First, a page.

Golconda Fort, Hyderbad, Andhra Pradesh
Archaeological Survey of India
Le Secrétariat de l’UNESCO et le Centre du patrimoine mondial ne garantissent pas l’exactitude et la fiabilité des avis, opinions, déclarations et autres informations ou documentations fournis au Secrétariat de l’UNESCO et au Centre du patrimoine mondial par les Etats Parties à la Convention concernant la protection du patrimoine mondial, culturel et naturel.
La publication de tels avis, opinions, déclarations, informations ou documentations sur le site internet et/ou dans les documents de travail du Centre du patrimoine mondial n’implique nullement l’expression d’une quelconque opinion de la part du Secrétariat de l’UNESCO ou du Centre du patrimoine mondial concernant le statut juridique de tout pays, territoire, ville ou région, ou de leurs autorités, ou le tracé de leurs frontières.
Les noms des biens figurent dans la langue dans laquelle les Etats parties les ont soumis.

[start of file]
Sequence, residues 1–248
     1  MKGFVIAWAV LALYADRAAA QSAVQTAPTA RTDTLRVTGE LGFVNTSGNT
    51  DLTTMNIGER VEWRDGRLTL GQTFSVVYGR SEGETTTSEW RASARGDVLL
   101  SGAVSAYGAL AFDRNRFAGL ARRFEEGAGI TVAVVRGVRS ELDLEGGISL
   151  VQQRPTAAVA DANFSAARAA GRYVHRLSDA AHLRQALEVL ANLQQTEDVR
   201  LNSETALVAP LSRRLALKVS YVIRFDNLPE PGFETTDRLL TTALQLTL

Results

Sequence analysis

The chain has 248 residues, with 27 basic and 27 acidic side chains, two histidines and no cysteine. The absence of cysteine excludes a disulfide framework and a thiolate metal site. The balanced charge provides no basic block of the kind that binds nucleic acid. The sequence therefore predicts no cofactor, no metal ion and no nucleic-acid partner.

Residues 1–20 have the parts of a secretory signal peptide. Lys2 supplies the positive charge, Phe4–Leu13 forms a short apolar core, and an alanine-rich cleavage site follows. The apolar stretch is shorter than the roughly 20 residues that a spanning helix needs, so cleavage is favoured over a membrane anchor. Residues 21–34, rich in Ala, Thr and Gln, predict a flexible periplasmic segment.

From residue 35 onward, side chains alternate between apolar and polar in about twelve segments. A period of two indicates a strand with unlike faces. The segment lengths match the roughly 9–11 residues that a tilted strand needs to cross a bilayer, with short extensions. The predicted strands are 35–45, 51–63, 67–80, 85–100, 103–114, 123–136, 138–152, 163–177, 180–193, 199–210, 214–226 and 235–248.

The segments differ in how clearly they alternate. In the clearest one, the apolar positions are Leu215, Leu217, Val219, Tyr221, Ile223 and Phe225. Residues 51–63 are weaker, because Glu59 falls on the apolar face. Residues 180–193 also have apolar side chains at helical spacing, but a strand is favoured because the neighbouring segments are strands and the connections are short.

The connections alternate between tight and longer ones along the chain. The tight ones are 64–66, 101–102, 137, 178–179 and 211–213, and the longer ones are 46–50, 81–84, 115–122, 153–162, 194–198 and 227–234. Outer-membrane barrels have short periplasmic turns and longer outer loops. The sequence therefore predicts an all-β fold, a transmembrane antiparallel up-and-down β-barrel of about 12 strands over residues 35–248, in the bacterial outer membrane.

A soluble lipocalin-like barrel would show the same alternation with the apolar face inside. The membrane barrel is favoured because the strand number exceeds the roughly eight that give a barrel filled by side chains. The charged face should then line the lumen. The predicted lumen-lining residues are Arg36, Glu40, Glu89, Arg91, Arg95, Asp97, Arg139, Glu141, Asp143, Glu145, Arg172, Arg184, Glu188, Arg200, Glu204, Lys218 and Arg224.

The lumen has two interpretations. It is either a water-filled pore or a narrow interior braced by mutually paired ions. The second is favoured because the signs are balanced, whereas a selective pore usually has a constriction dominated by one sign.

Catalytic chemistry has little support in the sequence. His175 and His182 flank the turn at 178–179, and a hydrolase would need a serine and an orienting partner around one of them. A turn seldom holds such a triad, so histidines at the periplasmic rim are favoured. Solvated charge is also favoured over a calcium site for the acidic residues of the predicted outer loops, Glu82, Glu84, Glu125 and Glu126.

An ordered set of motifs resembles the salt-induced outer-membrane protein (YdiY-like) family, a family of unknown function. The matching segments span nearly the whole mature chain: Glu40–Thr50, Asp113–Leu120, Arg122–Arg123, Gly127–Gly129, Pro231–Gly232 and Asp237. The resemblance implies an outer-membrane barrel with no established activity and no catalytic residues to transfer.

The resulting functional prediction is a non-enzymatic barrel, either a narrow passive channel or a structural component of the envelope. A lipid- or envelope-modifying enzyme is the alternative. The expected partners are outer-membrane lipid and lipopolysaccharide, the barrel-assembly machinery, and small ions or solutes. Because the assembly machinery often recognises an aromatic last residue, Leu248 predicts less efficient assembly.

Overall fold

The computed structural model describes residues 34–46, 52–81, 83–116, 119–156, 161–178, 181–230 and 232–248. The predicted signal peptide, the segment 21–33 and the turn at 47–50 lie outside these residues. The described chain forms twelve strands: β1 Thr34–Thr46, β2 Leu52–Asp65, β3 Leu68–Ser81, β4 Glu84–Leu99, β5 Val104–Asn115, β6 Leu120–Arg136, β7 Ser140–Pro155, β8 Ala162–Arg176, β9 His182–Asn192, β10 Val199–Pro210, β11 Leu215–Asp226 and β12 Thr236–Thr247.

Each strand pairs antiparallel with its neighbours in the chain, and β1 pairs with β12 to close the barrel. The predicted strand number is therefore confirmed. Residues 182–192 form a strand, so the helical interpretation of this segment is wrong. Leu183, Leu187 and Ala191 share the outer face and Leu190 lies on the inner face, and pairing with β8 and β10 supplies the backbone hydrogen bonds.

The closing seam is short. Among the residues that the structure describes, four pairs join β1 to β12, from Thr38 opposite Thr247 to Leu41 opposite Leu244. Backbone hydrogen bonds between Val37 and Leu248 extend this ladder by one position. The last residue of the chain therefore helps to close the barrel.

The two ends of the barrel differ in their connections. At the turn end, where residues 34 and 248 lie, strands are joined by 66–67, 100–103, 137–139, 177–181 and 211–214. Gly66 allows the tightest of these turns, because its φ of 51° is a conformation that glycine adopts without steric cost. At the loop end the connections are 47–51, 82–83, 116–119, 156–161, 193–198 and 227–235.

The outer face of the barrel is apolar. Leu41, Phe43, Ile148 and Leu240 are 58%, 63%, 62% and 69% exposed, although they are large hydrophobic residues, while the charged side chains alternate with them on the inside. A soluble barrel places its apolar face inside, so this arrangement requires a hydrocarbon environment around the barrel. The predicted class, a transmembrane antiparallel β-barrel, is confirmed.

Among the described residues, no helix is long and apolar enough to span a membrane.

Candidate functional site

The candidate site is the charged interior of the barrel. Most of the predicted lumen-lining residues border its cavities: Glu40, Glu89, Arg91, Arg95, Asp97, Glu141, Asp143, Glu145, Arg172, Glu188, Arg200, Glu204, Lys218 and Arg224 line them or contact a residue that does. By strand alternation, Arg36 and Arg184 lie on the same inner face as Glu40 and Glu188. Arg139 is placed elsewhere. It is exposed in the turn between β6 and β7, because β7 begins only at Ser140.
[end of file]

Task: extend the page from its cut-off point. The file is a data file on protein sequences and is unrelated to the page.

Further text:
Golkonda fort is one of the most famous and the biggest fortress in the Deccan plateau of India. Built on a 400 ft. high hill with a circumference of 7 km of the fort wall containing 8 gates and 87 bastions each 50-60 feet high. There is a ditch around the outer fortified wall. All the bastions are mounted with heavy cannons, rendering the fort one of the shongest of the medieval forts of the Deccan. The fort has three lines of powerful fortification walls one within the other. The first line encloses the town, the second a double wall, runs around the foot of the hill on which the citadel stands. The third line within the second and further up the hill is formed by connecting walls of masonry to the natural boulders. An extension of the outer wall was made to enclose a small area on the north-east of the town in 1,724 AD now known as Naya Qila. The fort has a striking appearance and its higher area is covered with the remains of armouries, magazines, mosques, granaries, reservoirs and audience chambers; while at the foot of the citadel nestled the erstwhile dwellings of the queens and princesses and homesteads of their retainers. Outer fortification wall: The outer fortification wall varies in thickness from 5 m to 10 m. It has a battered plinth which in some places rises in barrel shape from bottom to the full height of the wall. This is further strengthened at short intervals by large bastions, one of which is at the north-west called Petla Burj. Another in the north-west called a nine lobed bastion was built with a corrugated face with nine lobes, which provides greater length to the parapet for defence and greater facilities to the fire in all directions from the battlements. There are eight gates in the outer fortification wall, the Fateh, Bahmani, Mecca, Patancheru, Banjara, Jamali, Naya Qula and Moti. Among these only four gates are wall known i.e. Fateh, Mecca, Banjara and Jamali. All these gates are entered through a sinuous barbican composed of two huge wings jutting out from the walls with crenellated and box machicolations for deLence. At various places vent-holes pointing directly downwards to command the foot way immediately below, by firing. All these gates were provided with two leated doors of teak which were covered with iron sheets and studded with sharp spikes. The spikes are dispersed well over the door to guard against elephant attacks. A remarkable signalling device was incorporated in Golkonda fort's construction. The various edifices are so placed as to transmit sound to different far away points. If one claps standing at the centre of the entrance portal the sound is deflected by the opposite building which is constructed at an angle to the entrance. Similarly if a clapping sound is made from the opposite building, that sound will carry to the hill-top although at other close points it may not be heard at all.